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I've got a Perl program emitting these messages via cron:

recv timed out (60000 ms) at /usr/local/lib/perl/5.8.8/MongoDB/Cursor.pm line 251.
recv timed out (60000 ms) at /usr/local/lib/perl/5.8.8/MongoDB/Cursor.pm line 251.
recv timed out (60000 ms) at /usr/local/lib/perl/5.8.8/MongoDB/Cursor.pm line 251.

I've taken the following steps to mitigate:

  • eval block around $collection->find(...)
  • eval block around $cursor->next()
  • connection query_timeout value 60000
  • connection timeout 1000

    Timeouts are not a surprise because the server is under high load. But I would like to smartly capture the timeouts and exit gracefully.

    Any suggestions?

    UPDATE:

    I've determined that the recv timeouts are definitely occurring on the $cursor->next() call.

    # doesn't capture
    {   
        local $SIG{__DIE__} = sub { return; };    
        $doc_ref = $cursor->next();
    };
    
    # doesn't capture
    eval { $doc_ref = $cursor->next(); };
    
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    2 Answers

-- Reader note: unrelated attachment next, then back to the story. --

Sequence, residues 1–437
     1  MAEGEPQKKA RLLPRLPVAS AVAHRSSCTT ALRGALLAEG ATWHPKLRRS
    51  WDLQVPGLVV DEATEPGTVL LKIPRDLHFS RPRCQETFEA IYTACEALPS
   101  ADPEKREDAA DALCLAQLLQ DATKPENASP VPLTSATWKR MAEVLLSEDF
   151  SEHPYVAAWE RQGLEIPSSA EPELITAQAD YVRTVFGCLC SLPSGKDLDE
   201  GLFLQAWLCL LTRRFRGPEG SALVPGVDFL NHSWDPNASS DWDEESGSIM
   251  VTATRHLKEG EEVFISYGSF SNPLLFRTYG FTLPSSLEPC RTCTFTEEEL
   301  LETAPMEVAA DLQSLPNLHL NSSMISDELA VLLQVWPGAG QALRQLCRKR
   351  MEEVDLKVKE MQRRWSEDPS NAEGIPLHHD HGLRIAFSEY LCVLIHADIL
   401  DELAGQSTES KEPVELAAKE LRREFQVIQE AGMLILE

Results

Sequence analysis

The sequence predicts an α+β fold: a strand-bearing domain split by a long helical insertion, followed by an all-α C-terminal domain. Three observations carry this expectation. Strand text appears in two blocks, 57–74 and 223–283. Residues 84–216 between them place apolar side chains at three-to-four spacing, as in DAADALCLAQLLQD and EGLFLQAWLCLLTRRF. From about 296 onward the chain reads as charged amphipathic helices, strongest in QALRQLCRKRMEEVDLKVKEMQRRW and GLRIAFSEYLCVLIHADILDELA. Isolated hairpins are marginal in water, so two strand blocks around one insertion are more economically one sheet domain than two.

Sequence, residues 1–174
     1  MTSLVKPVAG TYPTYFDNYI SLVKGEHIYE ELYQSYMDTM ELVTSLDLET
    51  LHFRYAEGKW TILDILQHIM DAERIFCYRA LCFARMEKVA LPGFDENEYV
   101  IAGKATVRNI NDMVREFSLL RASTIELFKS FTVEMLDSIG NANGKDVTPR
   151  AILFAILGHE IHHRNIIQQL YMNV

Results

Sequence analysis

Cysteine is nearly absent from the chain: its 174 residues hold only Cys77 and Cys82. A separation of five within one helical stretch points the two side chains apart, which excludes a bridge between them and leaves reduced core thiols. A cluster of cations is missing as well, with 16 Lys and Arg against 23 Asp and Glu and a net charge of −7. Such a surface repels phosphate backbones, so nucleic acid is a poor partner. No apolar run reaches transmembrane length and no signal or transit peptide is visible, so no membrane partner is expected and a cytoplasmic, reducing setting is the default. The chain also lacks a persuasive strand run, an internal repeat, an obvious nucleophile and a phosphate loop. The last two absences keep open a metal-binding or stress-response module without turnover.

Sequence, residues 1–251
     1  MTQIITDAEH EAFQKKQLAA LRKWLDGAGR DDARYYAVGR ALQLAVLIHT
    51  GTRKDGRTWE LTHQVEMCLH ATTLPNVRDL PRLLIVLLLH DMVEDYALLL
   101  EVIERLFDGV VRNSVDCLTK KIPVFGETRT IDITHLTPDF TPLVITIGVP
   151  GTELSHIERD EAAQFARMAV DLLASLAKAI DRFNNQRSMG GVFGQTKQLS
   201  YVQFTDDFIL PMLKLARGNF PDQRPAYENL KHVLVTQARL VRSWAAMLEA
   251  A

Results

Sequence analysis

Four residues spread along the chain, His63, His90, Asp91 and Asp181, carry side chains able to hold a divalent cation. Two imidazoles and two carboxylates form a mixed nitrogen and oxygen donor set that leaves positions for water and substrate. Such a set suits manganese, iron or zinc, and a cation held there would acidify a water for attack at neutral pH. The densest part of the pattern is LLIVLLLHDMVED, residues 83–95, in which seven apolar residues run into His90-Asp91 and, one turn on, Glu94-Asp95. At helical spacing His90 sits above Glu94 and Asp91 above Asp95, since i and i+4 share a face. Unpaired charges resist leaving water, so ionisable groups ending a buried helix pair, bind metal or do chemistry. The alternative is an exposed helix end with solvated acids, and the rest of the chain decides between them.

Fortunately, it is a die, and you can trap it. Once I wrote an AnyEvent + EV daemon which cheats death (evil laugh) by respawning via this dirty trick:

    use FindBin qw($Script);
    use EV;
    $EV::DIED = sub { warn $@; exec $^X, $Script, qw(restart) };
    

    There is also an universal die trap, described by brian d foy in his Override die with END or CORE::GLOBAL::die article:

    $SIG{__DIE__} = sub { warn "I'm sorry, Dave, I'm afraid I can't do that" };
    
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    It is probably make an exit call, not a diie, so it is not catcheable by eval. Try Test::Trap.

    Primarily (but not exclusively) for use in test scripts: A block eval on steroids, configurable and extensible, but by default trapping (Perl) STDOUT, STDERR, warnings, exceptions, would-be exit codes, and return values from boxed blocks of test code.

      use Test::Trap;
    
      my @r = trap { some_code(@some_parameters) };
      if ( $trap->exit != 0 ){
        say 'Expecting &some_code to exit with not 0';
      }
    
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